Lars Ulrich
Lars Ulrich of Metallica; Image via Wikipedia

Laurence wears a bowtie, but this Scandinavian variant is pure heavy metal.

Thanks to Kristin for suggesting our Baby Name of the Day: Lars.

I’m quite fond of the story of Saint Laurence. The name probably started out as a reference to Laurentum, an ancient city pre-dating Rome. The city likely took its name from the laurel. Laurence and company have been common for centuries. In the 200s Saint Laurence was martyred after being ordered to round up the riches of his church and hand ’em over. Laurence gathered the poor and presented them as the true wealth of his faith. Legend has it that he was roasted alive.

Despite this gutsy and grisly tale, Laurence feels like an academic today – an English professor, or maybe a banker or a graphic designer. Larry – a short form that was a Top 20 pick from 1937 through 1955 – is your grandpa, or maybe your neighbor who can fix anything, the one whose kids are all in high school or out of the home.

As for medieval diminutive Larkin? He could be spotted on a boy, but Lark is almost certainly a new baby girl.

Then there’s Lars. He has a long history of use in Scandinavia, where he’s not a nickname – he’s just the Swedish and Norwegian and Danish form of Laurence. He’s also heard in Dutch, and popular in Belgium and Germany.

Like the white-hot Axel, this import has a certain heavy metal undercurrent.

  • Guitar legend Yngwie Malmsteen’s given name was Lars.
  • Rancid’s Lars Frederiksen was born in California, but his mom was born in Denmark.
  • Metallica drummer Lars Ulrich truly puts the heavy metal umlaut in Lars. The Danish-born drummer and Rock and Roll Hall of Famer has had a successful career since the early 1980s. Metallica has racked up nine Grammy awards – and I have to add this: they’ve just collaborated on a new album with Lou Reed called Lulu.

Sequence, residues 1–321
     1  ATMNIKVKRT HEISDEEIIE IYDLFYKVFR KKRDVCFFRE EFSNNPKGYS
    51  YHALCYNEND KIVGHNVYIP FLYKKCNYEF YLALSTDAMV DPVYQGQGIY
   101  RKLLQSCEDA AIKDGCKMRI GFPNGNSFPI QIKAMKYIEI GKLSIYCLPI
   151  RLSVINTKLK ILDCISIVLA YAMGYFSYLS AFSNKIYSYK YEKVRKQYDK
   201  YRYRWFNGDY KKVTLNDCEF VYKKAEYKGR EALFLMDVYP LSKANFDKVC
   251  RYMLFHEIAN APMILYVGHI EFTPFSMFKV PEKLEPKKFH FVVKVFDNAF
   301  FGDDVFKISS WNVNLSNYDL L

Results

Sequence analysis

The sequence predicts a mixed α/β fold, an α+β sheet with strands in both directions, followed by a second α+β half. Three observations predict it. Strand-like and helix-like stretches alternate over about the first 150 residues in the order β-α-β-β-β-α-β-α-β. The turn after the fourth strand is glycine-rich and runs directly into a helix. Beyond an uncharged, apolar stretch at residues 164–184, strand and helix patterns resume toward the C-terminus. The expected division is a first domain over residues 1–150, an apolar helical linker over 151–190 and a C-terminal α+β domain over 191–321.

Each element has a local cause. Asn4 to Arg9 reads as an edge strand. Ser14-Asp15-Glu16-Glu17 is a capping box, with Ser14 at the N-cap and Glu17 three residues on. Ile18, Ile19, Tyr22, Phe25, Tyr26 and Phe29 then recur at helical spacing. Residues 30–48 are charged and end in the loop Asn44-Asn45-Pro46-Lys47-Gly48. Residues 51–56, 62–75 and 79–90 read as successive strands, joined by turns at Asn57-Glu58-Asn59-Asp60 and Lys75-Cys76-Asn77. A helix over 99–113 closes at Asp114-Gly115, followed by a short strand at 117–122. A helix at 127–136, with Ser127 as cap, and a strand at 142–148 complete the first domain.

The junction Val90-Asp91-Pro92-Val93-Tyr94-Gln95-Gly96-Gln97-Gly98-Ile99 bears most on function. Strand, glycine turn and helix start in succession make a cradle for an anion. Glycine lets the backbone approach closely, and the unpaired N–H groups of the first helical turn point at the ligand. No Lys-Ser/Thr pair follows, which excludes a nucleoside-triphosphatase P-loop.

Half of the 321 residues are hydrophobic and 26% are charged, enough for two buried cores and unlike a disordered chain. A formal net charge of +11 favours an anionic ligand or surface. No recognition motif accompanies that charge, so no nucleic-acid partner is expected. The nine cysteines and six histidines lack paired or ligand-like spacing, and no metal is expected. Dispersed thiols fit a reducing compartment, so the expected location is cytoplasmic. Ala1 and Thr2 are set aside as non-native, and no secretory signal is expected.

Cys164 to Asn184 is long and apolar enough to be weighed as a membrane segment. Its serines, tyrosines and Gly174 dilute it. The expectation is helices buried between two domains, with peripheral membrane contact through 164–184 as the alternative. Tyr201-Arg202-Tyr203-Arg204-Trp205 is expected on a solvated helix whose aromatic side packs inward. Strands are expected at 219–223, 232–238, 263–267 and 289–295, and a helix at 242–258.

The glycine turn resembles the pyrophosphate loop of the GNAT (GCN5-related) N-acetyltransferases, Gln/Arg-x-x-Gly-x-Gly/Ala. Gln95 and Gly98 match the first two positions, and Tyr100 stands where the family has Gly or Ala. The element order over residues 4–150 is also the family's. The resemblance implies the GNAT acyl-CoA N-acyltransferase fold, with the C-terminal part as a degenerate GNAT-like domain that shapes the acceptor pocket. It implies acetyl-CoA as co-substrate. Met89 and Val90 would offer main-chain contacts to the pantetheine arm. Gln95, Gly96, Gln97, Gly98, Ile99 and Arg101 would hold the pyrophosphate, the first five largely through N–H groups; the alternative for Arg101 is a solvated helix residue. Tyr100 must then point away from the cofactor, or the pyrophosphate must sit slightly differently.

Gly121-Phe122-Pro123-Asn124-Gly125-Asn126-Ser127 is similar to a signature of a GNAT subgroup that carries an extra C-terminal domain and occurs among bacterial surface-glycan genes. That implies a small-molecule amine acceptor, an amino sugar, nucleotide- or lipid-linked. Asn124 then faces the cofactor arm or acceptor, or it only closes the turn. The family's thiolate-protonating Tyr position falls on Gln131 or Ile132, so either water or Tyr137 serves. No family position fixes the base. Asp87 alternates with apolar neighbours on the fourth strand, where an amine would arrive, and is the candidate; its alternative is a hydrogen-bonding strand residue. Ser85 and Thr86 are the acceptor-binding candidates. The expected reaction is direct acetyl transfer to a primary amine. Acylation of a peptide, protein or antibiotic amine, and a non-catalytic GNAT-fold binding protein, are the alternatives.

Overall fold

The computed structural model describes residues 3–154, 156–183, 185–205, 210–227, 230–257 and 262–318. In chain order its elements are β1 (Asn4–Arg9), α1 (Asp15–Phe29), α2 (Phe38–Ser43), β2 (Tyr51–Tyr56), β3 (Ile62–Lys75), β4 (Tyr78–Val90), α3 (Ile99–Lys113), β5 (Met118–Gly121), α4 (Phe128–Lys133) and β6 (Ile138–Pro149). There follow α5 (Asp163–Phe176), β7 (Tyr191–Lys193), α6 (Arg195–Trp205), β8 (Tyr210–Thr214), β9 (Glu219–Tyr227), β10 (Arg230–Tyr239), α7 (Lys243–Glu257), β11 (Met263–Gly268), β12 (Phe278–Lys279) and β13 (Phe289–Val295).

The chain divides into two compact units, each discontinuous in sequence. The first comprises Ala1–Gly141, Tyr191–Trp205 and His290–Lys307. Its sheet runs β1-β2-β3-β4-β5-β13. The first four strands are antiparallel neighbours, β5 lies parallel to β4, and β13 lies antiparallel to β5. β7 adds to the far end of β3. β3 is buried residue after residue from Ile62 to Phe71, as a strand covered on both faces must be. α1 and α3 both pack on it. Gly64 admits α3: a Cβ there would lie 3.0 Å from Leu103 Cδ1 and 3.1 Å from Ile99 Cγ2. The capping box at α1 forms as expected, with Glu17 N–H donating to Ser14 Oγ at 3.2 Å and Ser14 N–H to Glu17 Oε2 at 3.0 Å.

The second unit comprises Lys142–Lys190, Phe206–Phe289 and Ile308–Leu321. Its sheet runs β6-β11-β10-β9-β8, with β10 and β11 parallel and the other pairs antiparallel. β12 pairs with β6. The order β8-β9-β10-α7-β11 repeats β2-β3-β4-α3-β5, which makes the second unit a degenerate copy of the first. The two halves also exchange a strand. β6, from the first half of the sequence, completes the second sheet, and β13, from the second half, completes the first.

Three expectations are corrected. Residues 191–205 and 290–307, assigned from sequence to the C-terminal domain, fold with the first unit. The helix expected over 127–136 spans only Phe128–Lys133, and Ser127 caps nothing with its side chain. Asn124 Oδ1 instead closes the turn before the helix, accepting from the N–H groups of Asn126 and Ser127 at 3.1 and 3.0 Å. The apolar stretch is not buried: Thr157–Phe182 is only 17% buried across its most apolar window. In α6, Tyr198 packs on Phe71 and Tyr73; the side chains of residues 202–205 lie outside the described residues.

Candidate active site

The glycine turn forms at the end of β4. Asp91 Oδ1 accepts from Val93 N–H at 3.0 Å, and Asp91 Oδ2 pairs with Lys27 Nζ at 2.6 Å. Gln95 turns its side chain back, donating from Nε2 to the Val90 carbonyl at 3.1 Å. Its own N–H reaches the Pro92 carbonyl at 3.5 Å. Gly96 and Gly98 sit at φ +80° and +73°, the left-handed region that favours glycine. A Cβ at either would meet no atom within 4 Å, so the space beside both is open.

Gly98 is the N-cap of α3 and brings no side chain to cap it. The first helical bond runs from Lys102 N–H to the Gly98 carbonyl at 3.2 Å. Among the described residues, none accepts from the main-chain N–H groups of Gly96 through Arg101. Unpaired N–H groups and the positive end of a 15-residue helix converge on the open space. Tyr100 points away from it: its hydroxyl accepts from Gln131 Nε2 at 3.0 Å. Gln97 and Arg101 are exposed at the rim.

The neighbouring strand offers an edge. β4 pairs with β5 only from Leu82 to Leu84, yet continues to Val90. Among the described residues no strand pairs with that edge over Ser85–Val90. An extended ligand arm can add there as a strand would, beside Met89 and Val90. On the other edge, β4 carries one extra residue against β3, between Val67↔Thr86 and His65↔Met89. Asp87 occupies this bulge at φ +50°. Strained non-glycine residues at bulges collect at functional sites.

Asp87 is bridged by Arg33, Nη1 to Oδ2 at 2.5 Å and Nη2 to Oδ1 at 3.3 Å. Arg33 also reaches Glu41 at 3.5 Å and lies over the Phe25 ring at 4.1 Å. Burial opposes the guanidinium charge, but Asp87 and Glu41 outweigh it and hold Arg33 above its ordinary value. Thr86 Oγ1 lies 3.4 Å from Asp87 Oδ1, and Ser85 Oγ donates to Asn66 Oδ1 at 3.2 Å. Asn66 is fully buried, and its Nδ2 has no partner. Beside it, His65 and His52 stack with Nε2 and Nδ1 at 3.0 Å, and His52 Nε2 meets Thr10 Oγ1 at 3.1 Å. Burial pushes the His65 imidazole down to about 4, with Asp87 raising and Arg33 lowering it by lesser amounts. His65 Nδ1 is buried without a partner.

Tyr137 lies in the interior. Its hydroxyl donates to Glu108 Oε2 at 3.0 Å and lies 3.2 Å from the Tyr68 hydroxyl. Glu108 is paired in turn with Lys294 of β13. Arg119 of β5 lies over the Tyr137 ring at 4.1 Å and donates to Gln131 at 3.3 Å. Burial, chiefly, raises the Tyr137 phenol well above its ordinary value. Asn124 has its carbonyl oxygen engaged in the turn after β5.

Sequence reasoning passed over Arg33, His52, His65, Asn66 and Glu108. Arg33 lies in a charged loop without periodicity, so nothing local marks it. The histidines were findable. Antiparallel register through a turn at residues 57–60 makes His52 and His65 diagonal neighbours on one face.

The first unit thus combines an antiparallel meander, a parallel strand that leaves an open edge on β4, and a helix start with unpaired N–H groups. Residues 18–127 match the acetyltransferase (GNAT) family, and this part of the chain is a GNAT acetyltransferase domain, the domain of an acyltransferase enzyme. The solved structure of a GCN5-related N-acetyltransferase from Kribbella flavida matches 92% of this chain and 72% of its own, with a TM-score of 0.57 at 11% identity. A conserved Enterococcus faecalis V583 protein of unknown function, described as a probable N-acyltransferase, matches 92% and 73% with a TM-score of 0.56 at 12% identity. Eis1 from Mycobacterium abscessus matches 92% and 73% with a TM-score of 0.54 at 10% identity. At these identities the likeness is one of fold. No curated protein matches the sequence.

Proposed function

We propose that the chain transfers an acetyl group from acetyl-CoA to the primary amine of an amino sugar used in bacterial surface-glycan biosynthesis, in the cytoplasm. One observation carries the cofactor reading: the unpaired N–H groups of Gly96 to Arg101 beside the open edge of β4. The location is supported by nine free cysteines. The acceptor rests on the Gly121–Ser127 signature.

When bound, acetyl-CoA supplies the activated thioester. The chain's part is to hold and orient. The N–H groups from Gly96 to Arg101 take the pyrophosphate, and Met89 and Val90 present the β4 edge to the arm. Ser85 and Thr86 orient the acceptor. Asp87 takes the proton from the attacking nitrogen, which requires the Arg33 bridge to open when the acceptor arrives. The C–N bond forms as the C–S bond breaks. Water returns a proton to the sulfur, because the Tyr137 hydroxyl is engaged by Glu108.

In 2007, quirky little indie flick Lars and the Real Girl made waves. Danish film director Lars von Trier has been sparking controversy and winning accolades since his career took off in the late 1980s. Von Trier’s latest film, Melancholia, helped Kirsten Dunst nab a best actress award at Cannes.

All of this lends Lars some serious edge. But in the US, his sound is slightly out of step with current trends. In fact, Lars did appear in the Top 1000 steadily from 1958 through 1976, and a few times before and since. His last appearance was 1984.

Overall, this makes Lars a heritage choice with a certain offbeat vibe. His sound is masculine, but not nearly as aggressive as Slade or Cannon. Thanks to his saintly origins, Lars has a certain evergreen quality that makes him a good choice for parents who want unusual something that screams tough guy while still staying within the lexicon of established appellations.

About Abby Sandel

Whether you're naming a baby, or just all about names, you've come to the right place! Appellation Mountain is a haven for lovers of obscure gems and enduring classics alike.

You May Also Like: